Synoptic-scale processes that play a fundamental role in affecting the energy transport and temperature response in the basin will be identified and discussed in sequence for the component regions. The aggregated effects of these short-period processes are then related to the longer-term circulation and heat transport features presented in the last section and a synthesis of these elements will be developed in section 5 to account for the extreme temperature variability in the MRB along with applications of the results to climate change and prediction issues.

a. The FR and variability of North Pacific atmospheric circulation

The variability of large-scale atmospheric circulation features over the North Pacific is characterized by patterns or modes of oscillations that occur over a wide range of temporal scales (e.g., Wallace and Gutzler 1981; Mantua et al. 1997; Overland et al. 1999). There is evidence that the longer-period climate modes often force or create large-scale conditions that modulate the frequency and phase of shorter-period variability patterns (e.g., Palmer 1998; Trenberth et al. 1998). For example, the positive (negative) phase of the PNA pattern (Wallace and Gutzler 1981) is known to be associated with increased frequency of cyclones (blocking events; Renwick and Wallace 1996) while increased frequency of positive (negative) PNA phase periods are in turn found to be associated with warm (cold) phases of ENSO (Mo et al. 1998; Trenberth et al. 1998) and Pacific decadal oscillation (PDO; Mantua et al. 1997).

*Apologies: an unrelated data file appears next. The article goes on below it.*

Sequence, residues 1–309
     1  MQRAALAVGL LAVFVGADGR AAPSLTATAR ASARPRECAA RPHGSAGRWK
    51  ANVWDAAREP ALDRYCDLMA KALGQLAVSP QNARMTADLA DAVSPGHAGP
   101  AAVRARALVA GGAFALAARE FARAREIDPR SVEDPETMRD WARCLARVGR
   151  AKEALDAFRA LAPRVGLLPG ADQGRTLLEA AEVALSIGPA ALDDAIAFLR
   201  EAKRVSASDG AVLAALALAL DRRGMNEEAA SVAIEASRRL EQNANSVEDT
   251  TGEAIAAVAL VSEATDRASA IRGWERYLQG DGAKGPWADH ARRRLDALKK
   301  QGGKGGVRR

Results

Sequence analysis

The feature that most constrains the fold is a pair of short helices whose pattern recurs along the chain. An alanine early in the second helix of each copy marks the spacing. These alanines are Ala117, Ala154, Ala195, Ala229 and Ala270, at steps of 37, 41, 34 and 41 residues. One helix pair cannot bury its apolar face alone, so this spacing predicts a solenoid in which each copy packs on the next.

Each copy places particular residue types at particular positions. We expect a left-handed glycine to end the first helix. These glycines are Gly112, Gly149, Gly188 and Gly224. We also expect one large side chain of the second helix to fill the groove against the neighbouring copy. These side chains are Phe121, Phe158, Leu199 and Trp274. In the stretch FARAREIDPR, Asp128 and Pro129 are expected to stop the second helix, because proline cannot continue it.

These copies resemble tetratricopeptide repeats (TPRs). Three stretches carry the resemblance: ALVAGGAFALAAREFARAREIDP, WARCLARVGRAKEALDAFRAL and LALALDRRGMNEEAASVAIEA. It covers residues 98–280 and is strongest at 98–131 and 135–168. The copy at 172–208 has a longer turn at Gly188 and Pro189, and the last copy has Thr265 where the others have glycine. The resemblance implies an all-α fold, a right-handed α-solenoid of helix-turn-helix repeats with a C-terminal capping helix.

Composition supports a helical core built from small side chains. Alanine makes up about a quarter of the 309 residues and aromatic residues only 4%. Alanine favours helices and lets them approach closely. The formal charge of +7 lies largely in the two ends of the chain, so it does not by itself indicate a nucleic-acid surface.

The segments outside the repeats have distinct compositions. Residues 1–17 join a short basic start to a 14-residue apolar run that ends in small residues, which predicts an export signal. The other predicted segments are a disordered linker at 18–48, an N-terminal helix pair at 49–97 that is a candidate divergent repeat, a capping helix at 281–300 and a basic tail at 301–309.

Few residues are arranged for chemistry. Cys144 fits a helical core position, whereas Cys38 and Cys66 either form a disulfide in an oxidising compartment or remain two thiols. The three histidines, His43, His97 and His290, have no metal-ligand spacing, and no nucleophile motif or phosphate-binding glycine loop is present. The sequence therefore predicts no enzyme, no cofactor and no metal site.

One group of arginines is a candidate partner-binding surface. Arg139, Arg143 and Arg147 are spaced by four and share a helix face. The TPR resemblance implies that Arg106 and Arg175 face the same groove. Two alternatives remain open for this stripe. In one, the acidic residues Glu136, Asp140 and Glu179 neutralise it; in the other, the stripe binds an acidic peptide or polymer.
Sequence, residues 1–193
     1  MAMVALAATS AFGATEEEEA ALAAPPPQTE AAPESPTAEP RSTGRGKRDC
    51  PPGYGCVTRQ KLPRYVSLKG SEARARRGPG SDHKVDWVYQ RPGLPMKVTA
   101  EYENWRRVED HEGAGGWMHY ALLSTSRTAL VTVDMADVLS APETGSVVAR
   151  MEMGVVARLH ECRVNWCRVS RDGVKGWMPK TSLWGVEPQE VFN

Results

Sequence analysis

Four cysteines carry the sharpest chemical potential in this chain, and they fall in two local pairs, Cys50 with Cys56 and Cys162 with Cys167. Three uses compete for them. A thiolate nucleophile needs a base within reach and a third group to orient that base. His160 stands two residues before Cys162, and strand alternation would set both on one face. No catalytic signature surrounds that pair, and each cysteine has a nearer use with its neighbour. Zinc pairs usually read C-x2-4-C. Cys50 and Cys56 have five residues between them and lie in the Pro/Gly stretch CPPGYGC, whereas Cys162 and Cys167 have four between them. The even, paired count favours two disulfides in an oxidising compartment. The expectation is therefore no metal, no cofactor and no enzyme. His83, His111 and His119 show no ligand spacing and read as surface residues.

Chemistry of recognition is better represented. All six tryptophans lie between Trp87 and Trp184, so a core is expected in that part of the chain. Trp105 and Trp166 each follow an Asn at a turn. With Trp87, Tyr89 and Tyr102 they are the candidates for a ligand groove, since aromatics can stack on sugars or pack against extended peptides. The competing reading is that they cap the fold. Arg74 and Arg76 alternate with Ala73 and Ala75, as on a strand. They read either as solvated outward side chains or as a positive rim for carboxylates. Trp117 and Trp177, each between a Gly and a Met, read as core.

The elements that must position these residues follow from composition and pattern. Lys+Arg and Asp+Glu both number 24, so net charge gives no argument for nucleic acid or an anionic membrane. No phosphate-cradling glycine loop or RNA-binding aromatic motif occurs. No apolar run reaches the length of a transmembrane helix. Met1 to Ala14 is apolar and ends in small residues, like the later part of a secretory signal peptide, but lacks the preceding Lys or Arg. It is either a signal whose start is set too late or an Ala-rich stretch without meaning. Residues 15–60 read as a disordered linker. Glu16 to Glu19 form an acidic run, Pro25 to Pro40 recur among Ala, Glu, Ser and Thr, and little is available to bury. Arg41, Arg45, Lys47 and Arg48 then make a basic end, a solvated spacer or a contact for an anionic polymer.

The fundamental role played by synoptic-scale eddies in the energy transport at mid- and high latitudes is well known (Peixoto and Oort 1992). Located just downwind of the Pacific storm track, the transport of water and energy into the basin MRB is naturally affected most strongly by cyclonic activities over the North Pacific (Lackmann et al. 1998; Smirnov and Moore 2001), especially during the cold season when the baroclinic disturbances are active and frequent. Since the wave cyclones are fundamental features that are responsible for transporting energy into the region, temperature response in the MRB to variations in the North Pacific large-scale circulation is best understood through the ways by which the low-frequency modes modulate the occurrence frequency of shorter-period circulation features. For example, the typical warming (cooling) response of the MRB to a shift into a positive (negative) PNA period can be related to the increased frequency of cyclonic (blocking) activities over the North Pacific and associated enhanced (reduced) energy transport into the region, while the enhanced warming (cooling) typically found over the region during the warm (cold) phases of ENSO and PDO can in turn be linked with the associated increase in frequency of positive (negative) PNA events, and so on.